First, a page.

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Police Commissioner reviews estate to protect frontline

 Police and Crime Commissioner, Jason Ablewhite is continuing work to review the estate of Cambridgeshire Constabulary in order to support the changing requirements of operational policing and support services.

With the police estate currently valued at £35 million and costing £4 million (annually) to run, the Commissioner is continuing to look at new and better ways to deliver an effective police service which both better manages demand and makes the best use of new technology.

The Commissioner wants to ensure resources are focussed on frontline policing and that inefficient and under-used buildings are disposed of.

Recent work has already seen the number of police buildings reduce from 41 to 29 with the majority of those already closed being small satellite offices.

Looking ahead, there are a number of projects underway that will ensure future policing needs are met. For example, a new vehicle workshop centrally located in St Ives is due to open in spring 2017. This will replace three separate out-dated buildings in March, Cambridge and Peterborough.

Also, management of custody is now part of the strategic alliance with Bedfordshire Police, and Hertfordshire Constabulary and a project is underway to find a suitable site in the Cambridge area to construct a new investigation centre. This will eventually replace the Parkside Police Station allowing redevelopment of the site.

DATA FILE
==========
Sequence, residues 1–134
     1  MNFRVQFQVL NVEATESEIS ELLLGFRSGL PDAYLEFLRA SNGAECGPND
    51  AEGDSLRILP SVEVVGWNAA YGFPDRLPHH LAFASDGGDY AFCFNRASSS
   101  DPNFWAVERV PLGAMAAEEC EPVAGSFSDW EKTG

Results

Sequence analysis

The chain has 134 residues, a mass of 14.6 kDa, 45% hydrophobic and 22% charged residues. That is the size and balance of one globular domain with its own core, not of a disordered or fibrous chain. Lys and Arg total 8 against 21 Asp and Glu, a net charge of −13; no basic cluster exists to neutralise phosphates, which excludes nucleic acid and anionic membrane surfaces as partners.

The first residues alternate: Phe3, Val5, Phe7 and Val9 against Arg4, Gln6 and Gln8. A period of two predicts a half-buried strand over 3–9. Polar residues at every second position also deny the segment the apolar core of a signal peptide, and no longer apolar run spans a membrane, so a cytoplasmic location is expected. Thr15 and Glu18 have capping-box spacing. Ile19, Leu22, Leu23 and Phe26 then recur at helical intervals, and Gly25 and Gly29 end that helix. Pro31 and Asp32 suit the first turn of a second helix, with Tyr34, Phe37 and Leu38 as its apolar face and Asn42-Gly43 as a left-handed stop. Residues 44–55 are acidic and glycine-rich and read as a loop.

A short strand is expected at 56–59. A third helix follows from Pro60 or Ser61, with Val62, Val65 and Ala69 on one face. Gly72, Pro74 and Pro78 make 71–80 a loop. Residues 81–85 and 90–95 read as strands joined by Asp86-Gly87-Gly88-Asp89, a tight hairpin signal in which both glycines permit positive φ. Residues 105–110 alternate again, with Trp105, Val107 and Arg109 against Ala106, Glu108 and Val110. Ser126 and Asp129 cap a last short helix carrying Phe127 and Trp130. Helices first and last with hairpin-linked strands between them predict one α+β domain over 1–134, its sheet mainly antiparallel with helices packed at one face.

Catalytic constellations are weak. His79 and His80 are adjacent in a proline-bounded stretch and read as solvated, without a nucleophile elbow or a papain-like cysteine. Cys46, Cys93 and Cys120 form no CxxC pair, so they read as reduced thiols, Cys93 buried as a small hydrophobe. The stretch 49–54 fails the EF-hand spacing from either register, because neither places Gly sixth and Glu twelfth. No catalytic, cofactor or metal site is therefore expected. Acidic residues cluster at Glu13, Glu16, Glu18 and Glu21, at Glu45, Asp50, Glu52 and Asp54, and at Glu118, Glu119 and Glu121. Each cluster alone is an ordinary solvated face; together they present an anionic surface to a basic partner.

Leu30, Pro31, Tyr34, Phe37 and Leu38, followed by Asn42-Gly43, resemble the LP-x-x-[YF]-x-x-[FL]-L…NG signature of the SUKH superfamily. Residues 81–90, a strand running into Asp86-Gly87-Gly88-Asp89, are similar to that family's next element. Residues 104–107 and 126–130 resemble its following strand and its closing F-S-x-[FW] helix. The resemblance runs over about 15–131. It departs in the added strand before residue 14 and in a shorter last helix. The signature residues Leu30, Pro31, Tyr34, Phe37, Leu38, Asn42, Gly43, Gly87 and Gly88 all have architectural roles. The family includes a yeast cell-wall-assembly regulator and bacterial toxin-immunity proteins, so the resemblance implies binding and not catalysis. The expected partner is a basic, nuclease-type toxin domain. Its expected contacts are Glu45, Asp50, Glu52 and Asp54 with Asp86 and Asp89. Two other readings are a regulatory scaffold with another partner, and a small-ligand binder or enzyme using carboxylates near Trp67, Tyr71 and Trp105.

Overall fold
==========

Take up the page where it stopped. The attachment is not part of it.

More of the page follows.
The Police Commissioner and Cambridgeshire and Peterborough Fire Authority have already agreed to work together to develop a business case to understand the opportunities for closer collaboration between police and fire services. This will include reviewing the estates of both and identifying areas for both services to work together.

Jason said: “As I have stated many times, my priority remains protecting the front line. Changes in policing brought about through new technology and collaboration means that the requirement on police estate has changed. It doesn’t make sense to retain buildings that the Chief Constable says are not required operationally. Buildings don’t protect people but people do.

“Where sites are not required, I will be looking to either sell them for an immediate return or, where appropriate, redevelop them in order to generate long-term income.”

Alec Wood, Chief Constable said: “Agile working means that officers are no longer tied to police stations but instead are able to respond to needs more effectively. With better technology and collaborative working, officers can spend more time out in the community, increasing visibility which I know is what the public really want.

“This review will help us ensure we have the right facilities to meet future policing demand.”

A copy of the Estate Strategic Scoping Report can be found here: